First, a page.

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Puffins – Where to Watch in Iceland

Puffins Iceland

Image Source: File Photo

Puffin best spots in Iceland

Puffins! Delightful puffins, with their black-and-white plumage, short wings, and colourful beaks.

Come to think of it, if it weren’t for the beaks, they’d be discount penguins, but when judging between the two regarding appearance, they make for an even match-up.

Puffins mainly spend their winters at sea but return to the coasts to breed, and Iceland plays host to over half of the world’s population of Atlantic puffins. The birds return to the same colony they hatched from, and are also very social, and thus some spots become excellent places to watch for puffins.

Playful Puffin

File Photo

For those who’ve just arrived in Iceland, or who aren’t of the mind to go too far from Reykjavik, there’s no need to worry. Two particular islands in the bay, Akurey and Lundey, play host to large colonies of seabirds. Arctic terns, fulmars, and black guillemots are in great evidence, and of course, there’s always puffins; indeed, Lundey means ‘Puffin Island’. At most, they’re fifteen minutes’ sail away from the city, and in the summer, you can count on not only a guarantee of seeing puffins but also for the companies to operate multiple tours a day. Being in Reykjavik and miss the occasion to closely watch the puffins from a boat? You don’t want to regret missed chance for a lifetime experience.

Vik i Myrdal: Puffins In Black

This southern village, more familiarly known as Vik, is the centre of southern Iceland, and any real tour of the south inevitably comes to Vik one way or another. Very close to the village is the volcanic beach of Reynisfjara and the arched peninsula of Dyrholaey. Off the coast lie basalt columns, the Reynisdrangar; the stacks and Dyrholaey are home to birdlife in great numbers.

The view is picturesque like nothing else, but be careful while traversing the beach; the waves are nowhere near peaceful, and one of them can come up without warning. Dangers aside, this stretch of the coast shouldn’t be missed if you’re exploring southern Iceland.

Puffin during eggs hatching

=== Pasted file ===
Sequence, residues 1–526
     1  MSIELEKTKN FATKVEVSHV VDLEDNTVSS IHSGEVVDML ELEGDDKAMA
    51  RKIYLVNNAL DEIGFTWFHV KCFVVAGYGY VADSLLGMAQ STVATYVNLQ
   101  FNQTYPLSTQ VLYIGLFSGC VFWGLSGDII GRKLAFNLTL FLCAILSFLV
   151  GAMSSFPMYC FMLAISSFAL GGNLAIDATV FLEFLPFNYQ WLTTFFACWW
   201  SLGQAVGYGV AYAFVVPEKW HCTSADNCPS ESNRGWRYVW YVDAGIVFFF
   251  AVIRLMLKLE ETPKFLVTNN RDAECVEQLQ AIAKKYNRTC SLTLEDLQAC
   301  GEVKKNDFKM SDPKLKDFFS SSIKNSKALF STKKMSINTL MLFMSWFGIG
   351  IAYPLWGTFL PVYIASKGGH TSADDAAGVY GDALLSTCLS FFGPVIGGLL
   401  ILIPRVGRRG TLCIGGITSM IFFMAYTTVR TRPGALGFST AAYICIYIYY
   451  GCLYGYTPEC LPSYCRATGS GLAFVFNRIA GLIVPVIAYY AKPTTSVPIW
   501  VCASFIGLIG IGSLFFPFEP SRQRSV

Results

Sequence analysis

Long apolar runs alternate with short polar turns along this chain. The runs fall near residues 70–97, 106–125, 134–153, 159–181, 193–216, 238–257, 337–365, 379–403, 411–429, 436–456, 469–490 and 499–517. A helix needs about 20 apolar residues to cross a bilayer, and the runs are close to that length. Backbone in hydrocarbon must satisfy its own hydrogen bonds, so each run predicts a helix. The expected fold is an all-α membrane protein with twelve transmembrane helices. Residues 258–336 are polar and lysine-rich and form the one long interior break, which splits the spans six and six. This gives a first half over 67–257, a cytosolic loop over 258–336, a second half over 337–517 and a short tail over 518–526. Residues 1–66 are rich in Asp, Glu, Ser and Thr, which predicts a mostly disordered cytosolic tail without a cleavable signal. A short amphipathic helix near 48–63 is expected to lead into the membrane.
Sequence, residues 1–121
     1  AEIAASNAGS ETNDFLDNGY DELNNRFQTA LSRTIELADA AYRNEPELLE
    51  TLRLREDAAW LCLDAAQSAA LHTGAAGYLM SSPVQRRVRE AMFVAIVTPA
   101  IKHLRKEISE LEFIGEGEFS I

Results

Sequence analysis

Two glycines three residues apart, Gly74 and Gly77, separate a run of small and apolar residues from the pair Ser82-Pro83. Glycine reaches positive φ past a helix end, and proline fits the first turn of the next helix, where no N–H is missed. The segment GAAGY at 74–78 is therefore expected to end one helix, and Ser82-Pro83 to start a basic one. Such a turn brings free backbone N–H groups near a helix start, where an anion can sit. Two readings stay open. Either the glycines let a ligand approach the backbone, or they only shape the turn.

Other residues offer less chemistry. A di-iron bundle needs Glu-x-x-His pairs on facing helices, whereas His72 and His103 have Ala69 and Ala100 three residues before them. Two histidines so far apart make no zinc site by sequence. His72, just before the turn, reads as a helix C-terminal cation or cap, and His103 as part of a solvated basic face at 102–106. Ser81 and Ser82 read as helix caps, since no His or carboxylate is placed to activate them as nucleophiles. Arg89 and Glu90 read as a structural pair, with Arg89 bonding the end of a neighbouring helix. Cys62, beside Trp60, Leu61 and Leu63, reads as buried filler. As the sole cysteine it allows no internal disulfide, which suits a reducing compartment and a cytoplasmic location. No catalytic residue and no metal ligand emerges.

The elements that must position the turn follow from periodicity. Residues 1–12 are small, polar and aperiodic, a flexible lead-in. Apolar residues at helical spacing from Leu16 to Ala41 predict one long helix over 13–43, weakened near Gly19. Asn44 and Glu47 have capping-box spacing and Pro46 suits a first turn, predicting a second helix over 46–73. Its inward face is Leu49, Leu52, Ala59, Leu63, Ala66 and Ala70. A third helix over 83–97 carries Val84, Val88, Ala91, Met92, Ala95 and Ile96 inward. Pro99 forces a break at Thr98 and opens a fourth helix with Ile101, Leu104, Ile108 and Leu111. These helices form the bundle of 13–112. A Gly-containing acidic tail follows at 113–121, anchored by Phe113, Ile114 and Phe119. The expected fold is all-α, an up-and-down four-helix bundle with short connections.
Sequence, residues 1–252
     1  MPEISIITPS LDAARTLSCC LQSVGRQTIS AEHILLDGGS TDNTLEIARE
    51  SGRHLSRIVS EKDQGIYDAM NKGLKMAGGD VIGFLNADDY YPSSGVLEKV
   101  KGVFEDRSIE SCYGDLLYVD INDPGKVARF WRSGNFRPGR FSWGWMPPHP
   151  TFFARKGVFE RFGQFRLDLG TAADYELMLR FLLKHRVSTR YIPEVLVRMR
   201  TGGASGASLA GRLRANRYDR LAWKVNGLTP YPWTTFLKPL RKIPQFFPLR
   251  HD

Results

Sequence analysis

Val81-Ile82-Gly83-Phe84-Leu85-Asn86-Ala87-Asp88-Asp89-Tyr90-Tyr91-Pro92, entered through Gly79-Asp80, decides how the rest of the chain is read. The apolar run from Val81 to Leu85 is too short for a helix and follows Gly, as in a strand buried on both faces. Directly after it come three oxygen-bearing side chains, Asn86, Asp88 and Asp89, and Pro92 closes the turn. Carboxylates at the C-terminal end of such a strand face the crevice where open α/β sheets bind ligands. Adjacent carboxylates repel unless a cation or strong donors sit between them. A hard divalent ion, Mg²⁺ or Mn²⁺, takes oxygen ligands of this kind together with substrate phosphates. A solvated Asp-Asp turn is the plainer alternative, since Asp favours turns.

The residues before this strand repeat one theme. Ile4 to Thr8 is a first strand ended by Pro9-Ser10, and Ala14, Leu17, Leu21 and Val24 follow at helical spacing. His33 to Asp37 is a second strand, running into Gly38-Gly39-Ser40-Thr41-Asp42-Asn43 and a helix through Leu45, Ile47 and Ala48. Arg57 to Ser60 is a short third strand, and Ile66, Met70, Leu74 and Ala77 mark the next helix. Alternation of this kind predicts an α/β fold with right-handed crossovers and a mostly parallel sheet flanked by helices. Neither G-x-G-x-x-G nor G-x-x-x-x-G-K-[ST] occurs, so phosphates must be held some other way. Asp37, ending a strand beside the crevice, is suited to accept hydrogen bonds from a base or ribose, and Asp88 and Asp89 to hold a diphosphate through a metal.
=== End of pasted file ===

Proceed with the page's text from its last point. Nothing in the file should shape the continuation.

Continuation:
Image source: File Photo

Borgarfjorthur: Convenience and Variety

This particular fjord in East Iceland is a touch out of the way, but it’s well worth it for the avid bird-watcher. Ten thousand puffin pairs return there every summer, and about twenty bird species call Borgarfjorthur their home: some species of duck, divers, skuas, swans, and more. Even better, though, the harbour also has a hide from which one can observe the birds from quite close up. It’s a bit of a drive to get all the way to Borgarfjorthur, but it’s well worth it for the convenience of seeing so many birds without needing to disturb them.

Flatey: Flatland Puffins

Though the northern town of Husavik is better known for being the place for whale-watching in Iceland, there’s an island nearby that’s notable for its birds, boasting thirty different species that nest on the notably flat island. Yes, that’s what the name means. There’s also another Flatey island in Iceland; if you need to be specific, this one is Flatey in Skjalfandi Bay. Note, however, that there are no ferries to Flatey; you’ll have to go with a tour. There are also tours out of Husavik that combine both whale- and bird-watching.

Latrabjarg Cliffs: Close and Persona

The westernmost point of Iceland is also notable for being a bird haven of great numbers. Millions of birds come to the cliffs to nest, and in varying species as well; over a third of the global population of razorbills lives in Latrabjarg.

The great number of birds is thanks to the great number of species that live there, and a trip to Latrabjarg is a treat for any birdwatcher not just because of the variety, but also because you can get right up close to the birds themselves. Walk with extreme care, however; puffins have a habit of making burrows near the edge of the cliffs, and it’s a 440-meter drop if you go over the edge. Use your zoom and your telephoto lenses.

Watching puffins from boat

File Photo

Grimsey: Up North

If you’d really like something brisk, then there’s Grimsey Island right on the Arctic Circle, the northernmost part of Iceland under permanent habitation. It boasts a population of around a hundred humans, and in the summer, roughly one million birds, especially puffins. What it lacks in trees, it makes up for in myriad other vegetation, a lack of predators, and rich fishing grounds for the birds.

For those looking for other species, it’s not just puffins that nest at Grimsey; you can also find their cousins the black guillemot, the common murre, and the thick-billed murre, as well as razorbills, terns, white wagtails, and snow buntings. However, due to Grimsey’s colder temperatures, the birds tend to leave earlier; the best season is from the end of April up to the start of August.